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In the week that saw the ousting of one man from high office in London, some 10,000 miles away another under-fire leader is battling to prove that he can reproduce the successes of 2019. England begin in Brisbane with just two wins in 2022 and 1-0 down to Australia – and Eddie Jones, true to tinkering form, has conducted a reshuffle of his own.
The latest backline roll of the dice from Jones is again tough to square with his desire for greater cohesion. In come three virtual newbies: two debutants in Guy Porter and Tommy Freeman, and Jack Van Poortvliet, promoted from the bench having been afforded only a fleeting, though try-scoring, glimpse of international rugby a week ago.
The Leicester scrum half is the fourth different starting nine of the year (all of whom are currently fit), while Porter and Owen Farrell form another new centre partnership tasked with establishing a quick connection outside of Marcus Smith – who does at least have a degree of permanency at number ten.
“We have decided to make changes in our back line, they were tough calls but we feel they will strengthen the team,” Jones explained of another surprise selection. “There are opportunities to attack against Australia which we can take.
“This game is the perfect practice for the World Cup and our focus is putting on our best performance.”
So much for the search for continuity, the thought of further building upon the relationships forged in Perth. The snap approval polls after the opening match of the series would have made grim reading for Jones, but there is little sign of him abandoning his focus on next year’s tournament, such is the strength of his post-2019 mandate and backing from above.
Yet an increasingly frustrated set of supporters are tiring of the jam tomorrow approach. While the long-term build and the need for some form of immediate success need not be mutually exclusive, the sense is that England fans are finding the dismissal of the importance of all fixtures until next year’s World Cup rather dispiriting. And it is all very well mapping a route to success, but a forward step towards it must be taken at some point.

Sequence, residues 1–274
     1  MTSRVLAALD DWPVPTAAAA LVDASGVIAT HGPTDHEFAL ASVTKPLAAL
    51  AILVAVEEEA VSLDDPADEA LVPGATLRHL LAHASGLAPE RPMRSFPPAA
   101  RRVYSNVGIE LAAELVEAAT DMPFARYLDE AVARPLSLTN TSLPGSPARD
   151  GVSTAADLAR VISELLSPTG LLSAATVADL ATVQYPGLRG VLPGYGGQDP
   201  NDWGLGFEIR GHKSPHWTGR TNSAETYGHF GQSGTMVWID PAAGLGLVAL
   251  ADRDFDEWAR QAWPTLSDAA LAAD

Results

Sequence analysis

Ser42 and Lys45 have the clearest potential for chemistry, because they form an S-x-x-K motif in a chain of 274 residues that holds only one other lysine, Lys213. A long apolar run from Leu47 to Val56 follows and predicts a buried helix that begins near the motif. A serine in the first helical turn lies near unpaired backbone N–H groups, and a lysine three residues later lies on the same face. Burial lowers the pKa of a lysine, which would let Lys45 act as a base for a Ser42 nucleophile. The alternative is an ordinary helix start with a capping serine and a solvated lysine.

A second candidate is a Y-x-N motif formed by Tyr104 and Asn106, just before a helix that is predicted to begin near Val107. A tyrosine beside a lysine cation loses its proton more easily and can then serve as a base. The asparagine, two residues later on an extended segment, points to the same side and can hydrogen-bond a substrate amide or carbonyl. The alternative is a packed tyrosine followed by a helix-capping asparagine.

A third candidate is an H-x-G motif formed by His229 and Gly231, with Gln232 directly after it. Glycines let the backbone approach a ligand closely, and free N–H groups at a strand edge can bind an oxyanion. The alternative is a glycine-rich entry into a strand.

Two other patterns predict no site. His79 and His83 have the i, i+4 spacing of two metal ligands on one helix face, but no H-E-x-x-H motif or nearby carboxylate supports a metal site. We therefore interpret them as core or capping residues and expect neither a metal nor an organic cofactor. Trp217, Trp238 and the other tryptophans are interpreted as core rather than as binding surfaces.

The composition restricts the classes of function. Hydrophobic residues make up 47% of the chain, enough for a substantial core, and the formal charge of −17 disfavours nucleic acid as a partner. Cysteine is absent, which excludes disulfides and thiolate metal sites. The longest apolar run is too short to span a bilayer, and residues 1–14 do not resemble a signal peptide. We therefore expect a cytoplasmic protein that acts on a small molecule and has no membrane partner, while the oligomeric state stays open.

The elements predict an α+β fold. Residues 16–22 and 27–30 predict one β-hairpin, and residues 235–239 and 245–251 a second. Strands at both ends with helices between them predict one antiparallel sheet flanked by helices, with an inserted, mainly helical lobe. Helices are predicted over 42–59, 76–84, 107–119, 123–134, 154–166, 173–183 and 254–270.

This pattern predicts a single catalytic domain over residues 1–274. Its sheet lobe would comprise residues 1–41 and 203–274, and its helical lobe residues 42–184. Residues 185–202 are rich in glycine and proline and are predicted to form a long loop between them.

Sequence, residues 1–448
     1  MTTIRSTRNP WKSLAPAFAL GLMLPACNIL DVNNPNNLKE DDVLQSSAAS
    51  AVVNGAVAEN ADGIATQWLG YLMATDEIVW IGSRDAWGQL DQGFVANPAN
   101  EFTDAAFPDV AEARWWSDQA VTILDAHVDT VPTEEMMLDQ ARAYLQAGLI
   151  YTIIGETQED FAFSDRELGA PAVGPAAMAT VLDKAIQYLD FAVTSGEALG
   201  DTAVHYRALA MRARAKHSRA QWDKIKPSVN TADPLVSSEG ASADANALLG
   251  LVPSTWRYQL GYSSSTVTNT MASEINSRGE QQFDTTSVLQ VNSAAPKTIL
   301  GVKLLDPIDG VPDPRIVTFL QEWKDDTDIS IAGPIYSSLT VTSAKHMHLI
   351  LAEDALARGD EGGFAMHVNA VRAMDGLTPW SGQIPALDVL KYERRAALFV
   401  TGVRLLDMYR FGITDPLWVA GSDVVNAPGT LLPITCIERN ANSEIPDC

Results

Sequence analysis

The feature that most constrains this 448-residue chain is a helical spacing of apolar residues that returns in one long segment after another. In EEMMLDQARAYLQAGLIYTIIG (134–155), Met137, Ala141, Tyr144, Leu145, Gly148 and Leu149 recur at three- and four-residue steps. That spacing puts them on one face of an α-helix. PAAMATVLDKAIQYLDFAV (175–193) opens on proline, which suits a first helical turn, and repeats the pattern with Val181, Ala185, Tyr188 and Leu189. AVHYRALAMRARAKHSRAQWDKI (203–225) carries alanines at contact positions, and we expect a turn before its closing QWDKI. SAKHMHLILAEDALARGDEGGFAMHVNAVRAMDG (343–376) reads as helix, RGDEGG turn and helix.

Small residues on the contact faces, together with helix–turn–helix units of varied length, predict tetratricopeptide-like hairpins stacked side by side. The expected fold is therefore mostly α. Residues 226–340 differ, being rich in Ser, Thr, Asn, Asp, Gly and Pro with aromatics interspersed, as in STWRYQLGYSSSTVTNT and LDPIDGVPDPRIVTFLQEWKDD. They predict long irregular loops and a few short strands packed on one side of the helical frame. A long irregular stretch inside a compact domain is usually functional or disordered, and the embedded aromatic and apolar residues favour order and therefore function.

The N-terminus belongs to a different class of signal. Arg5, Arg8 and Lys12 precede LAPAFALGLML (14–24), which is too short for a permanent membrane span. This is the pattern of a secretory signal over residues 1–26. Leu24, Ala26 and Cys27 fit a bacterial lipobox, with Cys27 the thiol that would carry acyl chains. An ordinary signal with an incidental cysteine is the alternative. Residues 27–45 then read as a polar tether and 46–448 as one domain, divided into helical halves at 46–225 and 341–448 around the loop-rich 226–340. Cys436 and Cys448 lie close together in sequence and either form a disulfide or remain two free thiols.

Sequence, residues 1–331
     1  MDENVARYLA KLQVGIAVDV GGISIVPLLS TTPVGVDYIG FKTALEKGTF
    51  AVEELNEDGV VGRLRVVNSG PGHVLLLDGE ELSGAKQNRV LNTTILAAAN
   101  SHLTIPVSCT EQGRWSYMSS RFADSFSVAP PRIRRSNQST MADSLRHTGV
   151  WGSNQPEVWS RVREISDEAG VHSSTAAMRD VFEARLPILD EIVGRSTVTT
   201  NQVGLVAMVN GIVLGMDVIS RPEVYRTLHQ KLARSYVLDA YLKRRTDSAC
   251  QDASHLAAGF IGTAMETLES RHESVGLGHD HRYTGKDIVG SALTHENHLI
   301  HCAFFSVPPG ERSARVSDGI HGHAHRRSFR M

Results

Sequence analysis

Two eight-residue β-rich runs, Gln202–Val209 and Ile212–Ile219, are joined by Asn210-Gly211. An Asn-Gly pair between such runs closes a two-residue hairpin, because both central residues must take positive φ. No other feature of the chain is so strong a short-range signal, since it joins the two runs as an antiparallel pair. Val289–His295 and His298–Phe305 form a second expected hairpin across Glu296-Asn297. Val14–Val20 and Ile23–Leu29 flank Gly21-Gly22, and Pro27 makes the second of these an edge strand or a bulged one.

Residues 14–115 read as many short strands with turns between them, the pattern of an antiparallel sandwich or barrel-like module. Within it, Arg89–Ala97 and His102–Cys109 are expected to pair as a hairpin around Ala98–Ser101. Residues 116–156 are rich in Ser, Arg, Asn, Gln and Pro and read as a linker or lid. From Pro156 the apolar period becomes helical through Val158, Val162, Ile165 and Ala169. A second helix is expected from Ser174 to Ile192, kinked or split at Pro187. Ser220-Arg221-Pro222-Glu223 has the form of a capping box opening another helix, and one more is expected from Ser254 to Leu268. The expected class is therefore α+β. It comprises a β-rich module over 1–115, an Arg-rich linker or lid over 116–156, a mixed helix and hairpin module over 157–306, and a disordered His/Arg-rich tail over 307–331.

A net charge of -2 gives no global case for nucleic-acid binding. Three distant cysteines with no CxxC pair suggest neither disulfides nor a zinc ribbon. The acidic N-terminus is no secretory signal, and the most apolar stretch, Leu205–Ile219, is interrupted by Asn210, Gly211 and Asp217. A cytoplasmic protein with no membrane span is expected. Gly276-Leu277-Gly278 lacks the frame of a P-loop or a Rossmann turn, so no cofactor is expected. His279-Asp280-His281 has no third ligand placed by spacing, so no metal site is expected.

Which is not to say there is not logic to the latest rejigging. Northampton’s Freeman would appear a good fit in England’s attack of multitudes, and the versatile Porter, too. Jones hopes the former Sydney University captain’s sharp angles may cut Australia open more often than England managed to a week ago and provide more effective foil for Smith and Farrell.
Dave Rennie has been forced into changes as Australia, now favourites, seek to seal the series. Andrew Kellaway and Len Ikitau have been added to an already extended absentee list from that tough first 35 minutes a week ago, with Quade Cooper, Allan Alaalatoa, Tom Banks and Darcy Swain all, as expected, unavailable.
Jordan Petaia, Tom Wright and Hunter Paisami are the beneficiaries in the backs, with Noah Lolesio retained at fly half. If Smith continues to drift out the back the England fly half best beware the hard-hitting centre Paisami shooting out of the line, though Australia’s alterations may create opportunities if England’s discordant attack can at last coalesce.
Up front, a fit-again Taniela Tupou’s collisions with Ellis Genge and the rest of England’s pack in tight and loose could be tectonic. “It’s not personal, but it is personal. I will do what is best for the team but when you get out there you want to be better than your opposition,” the man they call the “Tongan Thor” said of his encounter with the England loosehead.